Contraindicated in: Hypersensitivity; History of angioedema with previous use of ACE inhibitors; Concurrent use with aliskiren in patients with diabetes or moderate-to-severe renal impairment (CCr <60 mL/min) Obstetric: Can cause injury or death of fetus – if pregnancy occurs, discontinue immediately. Lactation: Discontinue drug or use formula.
Use Cautiously in: genetic implication Black patients (monotherapy for hypertension less effective, may require additional therapy; higher risk of angioedema); Surgery/anesthesia (hypotension may be exaggerated); Women of childbearing potential; Renal impairment, hypovolemia, hyponatremia, concurrent diuretic therapy, and Geriatric: Initial dose ↓ recommended; Pediatric: Safety not established.
Exercise Extreme Caution in: Family history of angioedema.

Adverse Reactions/Side Effects

Central nervous system

  • weakness


  • cough (most frequent)


  • hypotension (most frequent)


  • hyperuricemia


  • diarrhea
  • dyspepsia


  • impaired renal function


  • rashes

Fluid and Electrolyte

  • hyperkalemia
  • hypocalcemia


  • myalgia


  • angioedema (life-threatening)


Drug-Drug interaction

Excessive hypotension may occur with concurrent use of diuretics.Additive hypotension with other antihypertensive agents.↑ risk of hyperkalemia with concurrent use ofpotassium supplements,potassium-containing salt substitutes, and potassium-sparing diuretics.↑ risk of hyperkalemia, renal dysfunction, hypotension, and syncope with concurrent use of angiotensin II receptor antagonists or aliskiren ; avoid concurrent use with aliskiren in patients with diabetes or CCr <60 mL/minNSAIDs and selective COX-2 inhibitors may blunt the antihypertensive effect and ↑ the risk of renal dysfunction.↑ levels and may ↑ the risk oflithium toxicity.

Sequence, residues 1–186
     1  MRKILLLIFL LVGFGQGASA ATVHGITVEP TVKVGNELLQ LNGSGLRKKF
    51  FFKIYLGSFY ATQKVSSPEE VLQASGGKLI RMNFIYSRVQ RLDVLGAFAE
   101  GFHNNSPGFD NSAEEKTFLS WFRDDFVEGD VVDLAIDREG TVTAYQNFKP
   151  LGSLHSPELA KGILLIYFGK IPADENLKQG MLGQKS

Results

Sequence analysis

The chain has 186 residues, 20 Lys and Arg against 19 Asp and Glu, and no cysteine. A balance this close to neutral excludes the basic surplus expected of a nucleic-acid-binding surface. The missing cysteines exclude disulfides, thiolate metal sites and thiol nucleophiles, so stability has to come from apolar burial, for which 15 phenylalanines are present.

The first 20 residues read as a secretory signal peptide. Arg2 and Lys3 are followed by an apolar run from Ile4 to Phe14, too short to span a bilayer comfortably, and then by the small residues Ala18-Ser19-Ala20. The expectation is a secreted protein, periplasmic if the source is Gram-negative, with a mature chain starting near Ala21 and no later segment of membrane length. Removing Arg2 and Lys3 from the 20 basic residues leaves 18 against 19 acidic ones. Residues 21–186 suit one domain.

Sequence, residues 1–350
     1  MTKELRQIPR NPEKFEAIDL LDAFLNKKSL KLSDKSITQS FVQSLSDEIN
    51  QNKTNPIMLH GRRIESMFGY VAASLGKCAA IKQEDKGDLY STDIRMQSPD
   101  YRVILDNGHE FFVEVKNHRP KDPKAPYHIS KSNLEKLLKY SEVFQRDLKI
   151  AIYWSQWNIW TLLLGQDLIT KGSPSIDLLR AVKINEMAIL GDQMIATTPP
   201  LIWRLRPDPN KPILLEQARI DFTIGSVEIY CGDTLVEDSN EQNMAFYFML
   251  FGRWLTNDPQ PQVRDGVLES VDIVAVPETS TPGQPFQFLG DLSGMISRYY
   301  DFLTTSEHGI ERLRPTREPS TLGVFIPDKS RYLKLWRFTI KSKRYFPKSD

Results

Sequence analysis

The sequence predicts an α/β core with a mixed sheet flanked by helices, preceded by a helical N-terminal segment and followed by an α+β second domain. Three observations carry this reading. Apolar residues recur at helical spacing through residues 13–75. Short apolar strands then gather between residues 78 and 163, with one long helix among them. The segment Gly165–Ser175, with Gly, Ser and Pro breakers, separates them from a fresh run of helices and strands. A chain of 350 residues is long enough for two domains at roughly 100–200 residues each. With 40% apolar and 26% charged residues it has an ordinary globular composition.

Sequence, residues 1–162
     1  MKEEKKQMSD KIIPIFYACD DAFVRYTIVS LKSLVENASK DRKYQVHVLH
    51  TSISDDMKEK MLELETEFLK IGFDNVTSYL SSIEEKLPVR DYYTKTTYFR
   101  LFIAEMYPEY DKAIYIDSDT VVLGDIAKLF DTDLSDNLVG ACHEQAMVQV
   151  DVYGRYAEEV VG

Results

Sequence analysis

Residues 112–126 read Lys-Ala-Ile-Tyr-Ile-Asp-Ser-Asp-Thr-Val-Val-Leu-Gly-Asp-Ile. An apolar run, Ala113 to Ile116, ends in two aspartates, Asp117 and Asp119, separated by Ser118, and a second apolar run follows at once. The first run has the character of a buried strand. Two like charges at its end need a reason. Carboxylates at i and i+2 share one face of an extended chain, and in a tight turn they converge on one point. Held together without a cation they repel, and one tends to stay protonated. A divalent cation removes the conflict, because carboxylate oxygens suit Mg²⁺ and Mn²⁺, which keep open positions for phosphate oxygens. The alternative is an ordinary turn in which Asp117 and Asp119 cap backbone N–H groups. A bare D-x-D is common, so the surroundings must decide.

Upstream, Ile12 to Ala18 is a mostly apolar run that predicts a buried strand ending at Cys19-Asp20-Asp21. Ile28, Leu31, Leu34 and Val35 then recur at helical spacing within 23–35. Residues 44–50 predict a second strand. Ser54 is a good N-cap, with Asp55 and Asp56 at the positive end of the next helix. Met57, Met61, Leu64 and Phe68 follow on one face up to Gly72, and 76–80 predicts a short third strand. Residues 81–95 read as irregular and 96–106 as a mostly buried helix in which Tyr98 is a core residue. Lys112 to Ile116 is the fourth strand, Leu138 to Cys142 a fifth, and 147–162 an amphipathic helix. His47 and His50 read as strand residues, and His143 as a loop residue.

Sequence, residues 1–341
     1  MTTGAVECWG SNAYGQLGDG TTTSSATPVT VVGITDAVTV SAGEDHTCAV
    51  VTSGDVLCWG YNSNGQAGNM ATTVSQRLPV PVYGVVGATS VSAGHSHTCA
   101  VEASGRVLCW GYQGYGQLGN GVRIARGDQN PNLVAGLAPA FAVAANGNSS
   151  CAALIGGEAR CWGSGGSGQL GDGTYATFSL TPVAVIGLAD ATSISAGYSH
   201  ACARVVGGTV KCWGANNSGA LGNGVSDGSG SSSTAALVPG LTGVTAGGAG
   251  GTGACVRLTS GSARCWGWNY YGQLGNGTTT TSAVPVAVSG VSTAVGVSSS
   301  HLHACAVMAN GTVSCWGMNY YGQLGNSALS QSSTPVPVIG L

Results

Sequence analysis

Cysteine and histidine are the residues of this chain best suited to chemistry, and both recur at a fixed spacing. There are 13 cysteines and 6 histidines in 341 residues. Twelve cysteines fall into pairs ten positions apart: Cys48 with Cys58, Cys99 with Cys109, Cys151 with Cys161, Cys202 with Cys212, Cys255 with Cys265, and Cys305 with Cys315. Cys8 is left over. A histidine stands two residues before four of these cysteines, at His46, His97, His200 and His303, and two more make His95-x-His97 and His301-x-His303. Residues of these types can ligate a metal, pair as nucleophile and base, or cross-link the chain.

Oral (Adults) Hypertension—1 mg once dailygenetic implication (2 mg in Black patients). May be ↑ weekly up to 4 mg once daily; twice-daily dosing may be necessary in some patients (initiate therapy with 0.5 mg/day in patients receiving diuretics). Heart failure post-MI or left ventricular dysfunction post-MI—Initiate therapy at 1 mg once daily, titrate up to 4 mg once daily if possible.

Renal Impairment

Oral (Adults) CCr <30 mL/min—Initiate therapy at 0.5 mg once daily, may be slowly titrated upward (max dose = 4 mg/day).

Hepatic Impairment

Oral (Adults) Initiate therapy at 0.5 mg once daily, may be slowly titrated upward (max dose = 4 mg/day).

Availability (generic available)

Tablets: 1 mg, 2 mg, 4 mg
In combination with: verapamil (Tarka). See combination drugs.

Nursing implications

Nursing assessment

  • Hypertension: Monitor BP and pulse frequently during initial dose adjustment and periodically during therapy. Notify health care professional of significant changes.
    • Monitor frequency of prescription refills to determine compliance.
  • Assess patient for signs of angioedema (dyspnea, facial swelling).
  • Heart Failure: Monitor weight and assess patient routinely for resolution of fluid overload (peripheral edema, rales/crackles, dyspnea, weight gain, jugular venous distention).
  • Lab Test Considerations: Monitor renal function. May cause ↑ BUN and serum creatinine.
    • May cause hyperkalemia.
    • Monitor CBC periodically during therapy in patients with collagen vascular disease and/or renal disease. May rarely cause agranulocytosis.
    • May cause ↑ AST, ALT, alkaline phosphatase, serum bilirubin, and uric acid.

Potential Nursing Diagnoses

Decreased cardiac output (Indications,  Side Effects)